Abstract: In this paper, we introduce a hand gesture recognition system to recognize continuous gesture before stationary background. The system consists of four modules: a real time hand tracking and extraction, feature extraction, hidden Markov model (HMM) training, and gesture recognition. First, we apply a real-time hand tracking and extraction algorithm to trace the moving hand and extract the hand region, then we use the Fourier descriptor (FD) to characterize spatial features and the motion analysis to characterize the temporal features. We combine the spatial and temporal features of the input image sequence as our feature vector. After having extracted the feature vectors, we apply HMMs to recognize the input gesture. The gesture to be recognized is separately scored against different HMMs. The model with the highest score indicates the corresponding gesture. In the experiments, we have tested our system to recognize 20 different gestures, and the recognizing rate is above 90%.

487 citations


Proceedings ArticleDOI
Rung-Huei Liang, Ming Ouhyoung1Institutions (1)
14 Apr 1998
TL;DR: A large vocabulary sign language interpreter is presented with real-time continuous gesture recognition of sign language using a data glove using hidden Markov models for 51 fundamental postures, 6 orientations, and 8 motion primitives.
Abstract: A large vocabulary sign language interpreter is presented with real-time continuous gesture recognition of sign language using a data glove. Sign language, which is usually known as a set of natural language with formal semantic definitions and syntactic rules, is a large set of hand gestures that are daily used to communicate with the hearing impaired. The most critical problem, end-point detection in a stream of gesture input is first solved and then statistical analysis is done according to four parameters in a gesture: posture, position, orientation, and motion. The authors have implemented a prototype system with a lexicon of 250 vocabularies and collected 196 training sentences in Taiwanese Sign Language (TWL). This system uses hidden Markov models (HMMs) for 51 fundamental postures, 6 orientations, and 8 motion primitives. In a signer-dependent way, a sentence of gestures based on these vocabularies can be continuously recognized in real-time and the average recognition rate is 80.4%,.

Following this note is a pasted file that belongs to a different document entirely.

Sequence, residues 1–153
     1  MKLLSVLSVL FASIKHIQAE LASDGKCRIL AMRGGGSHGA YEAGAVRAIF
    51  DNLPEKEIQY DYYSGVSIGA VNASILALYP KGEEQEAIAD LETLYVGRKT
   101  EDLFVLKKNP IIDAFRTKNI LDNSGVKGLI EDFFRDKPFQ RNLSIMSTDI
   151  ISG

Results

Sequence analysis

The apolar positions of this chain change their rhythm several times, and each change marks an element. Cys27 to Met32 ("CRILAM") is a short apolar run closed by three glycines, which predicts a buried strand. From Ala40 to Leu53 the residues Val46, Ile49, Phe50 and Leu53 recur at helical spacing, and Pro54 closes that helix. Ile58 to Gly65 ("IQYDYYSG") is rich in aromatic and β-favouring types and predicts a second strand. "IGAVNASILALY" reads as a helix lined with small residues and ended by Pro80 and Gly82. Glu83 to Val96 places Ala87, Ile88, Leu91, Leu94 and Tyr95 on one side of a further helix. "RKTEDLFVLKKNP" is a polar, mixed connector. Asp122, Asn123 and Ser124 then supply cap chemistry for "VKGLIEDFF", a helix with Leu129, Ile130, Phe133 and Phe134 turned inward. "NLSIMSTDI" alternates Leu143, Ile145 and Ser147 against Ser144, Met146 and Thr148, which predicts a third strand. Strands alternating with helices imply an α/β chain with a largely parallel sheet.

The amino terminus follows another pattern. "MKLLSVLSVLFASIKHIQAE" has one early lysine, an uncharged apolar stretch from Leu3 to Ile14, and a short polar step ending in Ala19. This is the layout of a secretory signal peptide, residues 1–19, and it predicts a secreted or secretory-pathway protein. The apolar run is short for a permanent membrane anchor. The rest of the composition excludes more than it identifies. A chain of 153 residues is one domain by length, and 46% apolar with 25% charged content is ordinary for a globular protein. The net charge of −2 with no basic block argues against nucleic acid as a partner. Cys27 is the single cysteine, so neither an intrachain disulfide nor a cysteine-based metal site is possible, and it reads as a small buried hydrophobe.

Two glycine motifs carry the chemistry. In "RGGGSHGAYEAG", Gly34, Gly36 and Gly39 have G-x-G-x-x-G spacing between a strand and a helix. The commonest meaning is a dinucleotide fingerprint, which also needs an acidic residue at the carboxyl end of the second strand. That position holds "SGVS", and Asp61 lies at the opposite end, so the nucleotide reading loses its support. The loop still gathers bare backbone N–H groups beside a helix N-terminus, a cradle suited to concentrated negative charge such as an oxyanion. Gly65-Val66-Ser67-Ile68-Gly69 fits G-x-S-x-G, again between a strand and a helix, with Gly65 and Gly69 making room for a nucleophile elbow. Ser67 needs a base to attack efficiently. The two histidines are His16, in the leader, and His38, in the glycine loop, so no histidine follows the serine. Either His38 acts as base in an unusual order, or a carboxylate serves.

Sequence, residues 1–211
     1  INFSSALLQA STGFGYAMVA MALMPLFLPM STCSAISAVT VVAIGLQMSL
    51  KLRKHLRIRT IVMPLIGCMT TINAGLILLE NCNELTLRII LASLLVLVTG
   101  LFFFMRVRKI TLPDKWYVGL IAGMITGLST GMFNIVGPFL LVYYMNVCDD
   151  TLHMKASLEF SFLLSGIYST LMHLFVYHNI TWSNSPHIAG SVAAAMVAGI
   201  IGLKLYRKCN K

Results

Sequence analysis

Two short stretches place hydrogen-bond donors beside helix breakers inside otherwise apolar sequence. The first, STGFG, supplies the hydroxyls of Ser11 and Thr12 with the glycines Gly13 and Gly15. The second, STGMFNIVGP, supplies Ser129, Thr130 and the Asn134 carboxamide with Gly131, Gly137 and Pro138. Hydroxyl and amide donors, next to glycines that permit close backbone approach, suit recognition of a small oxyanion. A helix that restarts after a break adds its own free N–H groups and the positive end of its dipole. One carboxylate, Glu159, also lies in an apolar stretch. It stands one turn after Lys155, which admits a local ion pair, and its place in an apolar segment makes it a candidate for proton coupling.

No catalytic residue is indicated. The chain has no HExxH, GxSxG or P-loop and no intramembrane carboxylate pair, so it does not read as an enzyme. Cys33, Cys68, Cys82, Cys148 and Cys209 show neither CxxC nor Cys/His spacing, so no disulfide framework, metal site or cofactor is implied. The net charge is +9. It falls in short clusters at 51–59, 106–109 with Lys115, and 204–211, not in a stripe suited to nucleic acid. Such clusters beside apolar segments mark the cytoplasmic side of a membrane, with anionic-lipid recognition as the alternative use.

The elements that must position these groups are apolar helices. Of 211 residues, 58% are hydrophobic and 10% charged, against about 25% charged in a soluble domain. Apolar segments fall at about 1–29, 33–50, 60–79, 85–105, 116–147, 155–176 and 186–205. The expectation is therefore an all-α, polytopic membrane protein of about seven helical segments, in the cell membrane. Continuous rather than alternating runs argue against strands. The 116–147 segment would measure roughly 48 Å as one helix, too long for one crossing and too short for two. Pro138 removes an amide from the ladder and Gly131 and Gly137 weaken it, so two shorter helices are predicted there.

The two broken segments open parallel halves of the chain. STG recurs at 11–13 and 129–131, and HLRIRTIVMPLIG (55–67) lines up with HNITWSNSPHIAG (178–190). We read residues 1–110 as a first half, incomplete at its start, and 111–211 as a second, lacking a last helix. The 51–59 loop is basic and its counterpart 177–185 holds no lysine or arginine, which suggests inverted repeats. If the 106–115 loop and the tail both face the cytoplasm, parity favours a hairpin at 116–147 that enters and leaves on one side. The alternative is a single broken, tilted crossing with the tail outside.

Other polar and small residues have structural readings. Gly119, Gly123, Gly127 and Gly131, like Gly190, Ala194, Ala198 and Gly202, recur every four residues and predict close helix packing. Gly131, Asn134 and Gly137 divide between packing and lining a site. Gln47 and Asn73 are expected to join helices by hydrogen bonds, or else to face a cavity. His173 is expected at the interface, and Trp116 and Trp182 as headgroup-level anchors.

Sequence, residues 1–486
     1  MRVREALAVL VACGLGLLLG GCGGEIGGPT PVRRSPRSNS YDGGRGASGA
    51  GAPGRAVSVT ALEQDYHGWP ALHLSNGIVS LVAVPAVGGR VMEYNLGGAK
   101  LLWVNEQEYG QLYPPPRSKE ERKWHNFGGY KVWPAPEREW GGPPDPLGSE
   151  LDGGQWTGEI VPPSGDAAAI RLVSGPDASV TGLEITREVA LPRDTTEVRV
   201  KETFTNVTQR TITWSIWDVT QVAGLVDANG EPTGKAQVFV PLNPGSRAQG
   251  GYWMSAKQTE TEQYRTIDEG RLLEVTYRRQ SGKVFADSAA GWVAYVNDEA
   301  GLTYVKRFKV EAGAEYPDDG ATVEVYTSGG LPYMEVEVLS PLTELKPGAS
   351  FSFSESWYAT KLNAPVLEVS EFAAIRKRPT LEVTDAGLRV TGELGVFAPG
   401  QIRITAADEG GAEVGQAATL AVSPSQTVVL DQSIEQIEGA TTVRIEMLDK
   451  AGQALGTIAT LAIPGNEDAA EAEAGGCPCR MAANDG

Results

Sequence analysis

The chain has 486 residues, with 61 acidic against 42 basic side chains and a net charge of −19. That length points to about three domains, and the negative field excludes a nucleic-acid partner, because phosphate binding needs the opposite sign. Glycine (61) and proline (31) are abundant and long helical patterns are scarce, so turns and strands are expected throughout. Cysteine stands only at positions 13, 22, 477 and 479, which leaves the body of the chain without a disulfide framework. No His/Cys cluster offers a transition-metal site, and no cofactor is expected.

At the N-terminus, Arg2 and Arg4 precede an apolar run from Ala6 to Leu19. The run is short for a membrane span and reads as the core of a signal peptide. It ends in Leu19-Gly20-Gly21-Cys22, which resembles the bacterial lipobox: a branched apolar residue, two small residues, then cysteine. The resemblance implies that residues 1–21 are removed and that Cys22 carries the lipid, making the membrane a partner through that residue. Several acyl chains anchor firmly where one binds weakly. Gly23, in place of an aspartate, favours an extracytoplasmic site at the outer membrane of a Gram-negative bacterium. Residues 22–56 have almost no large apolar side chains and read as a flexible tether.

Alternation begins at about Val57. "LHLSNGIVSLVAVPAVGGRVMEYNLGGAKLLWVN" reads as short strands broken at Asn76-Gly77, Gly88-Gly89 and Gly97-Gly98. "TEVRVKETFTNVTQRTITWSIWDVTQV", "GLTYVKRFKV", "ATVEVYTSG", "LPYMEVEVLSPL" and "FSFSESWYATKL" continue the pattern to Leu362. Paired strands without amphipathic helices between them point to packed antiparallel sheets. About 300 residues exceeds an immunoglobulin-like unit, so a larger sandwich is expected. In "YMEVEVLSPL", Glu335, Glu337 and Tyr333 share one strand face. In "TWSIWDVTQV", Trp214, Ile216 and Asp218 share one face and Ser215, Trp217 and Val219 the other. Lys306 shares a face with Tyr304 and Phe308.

433 citations


Journal ArticleDOI
Ruize Xu1, Shengli Zhou2, Wen J. Li2Institutions (2)
TL;DR: A recognition algorithm based on sign sequence and template matching as presented in this paper can be used for nonspecific-users hand-gesture recognition without the time consuming user-training process prior to gesture recognition.